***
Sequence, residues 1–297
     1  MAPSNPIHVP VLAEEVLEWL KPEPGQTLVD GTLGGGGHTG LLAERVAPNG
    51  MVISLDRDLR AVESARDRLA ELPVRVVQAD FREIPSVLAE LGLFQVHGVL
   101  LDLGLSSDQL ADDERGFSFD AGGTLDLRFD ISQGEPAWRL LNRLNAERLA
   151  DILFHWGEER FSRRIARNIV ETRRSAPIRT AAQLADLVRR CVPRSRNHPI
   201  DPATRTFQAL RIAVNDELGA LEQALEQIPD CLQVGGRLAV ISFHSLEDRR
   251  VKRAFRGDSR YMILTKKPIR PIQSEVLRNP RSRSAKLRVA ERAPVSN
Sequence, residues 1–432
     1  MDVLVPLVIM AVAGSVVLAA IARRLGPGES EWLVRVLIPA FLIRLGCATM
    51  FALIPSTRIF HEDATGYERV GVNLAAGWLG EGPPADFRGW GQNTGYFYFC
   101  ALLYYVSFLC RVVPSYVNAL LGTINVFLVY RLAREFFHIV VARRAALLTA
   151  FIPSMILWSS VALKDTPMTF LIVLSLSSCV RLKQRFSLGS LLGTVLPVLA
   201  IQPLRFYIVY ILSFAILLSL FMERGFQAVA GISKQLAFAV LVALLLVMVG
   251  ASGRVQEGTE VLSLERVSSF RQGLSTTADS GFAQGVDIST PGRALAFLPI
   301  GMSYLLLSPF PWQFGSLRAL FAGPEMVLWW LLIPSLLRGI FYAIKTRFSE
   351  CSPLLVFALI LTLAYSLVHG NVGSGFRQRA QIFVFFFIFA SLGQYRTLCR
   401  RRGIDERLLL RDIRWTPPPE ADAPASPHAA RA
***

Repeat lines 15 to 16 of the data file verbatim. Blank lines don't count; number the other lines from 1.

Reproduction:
   301  GMSYLLLSPF PWQFGSLRAL FAGPEMVLWW LLIPSLLRGI FYAIKTRFSE
   351  CSPLLVFALI LTLAYSLVHG NVGSGFRQRA QIFVFFFIFA SLGQYRTLCR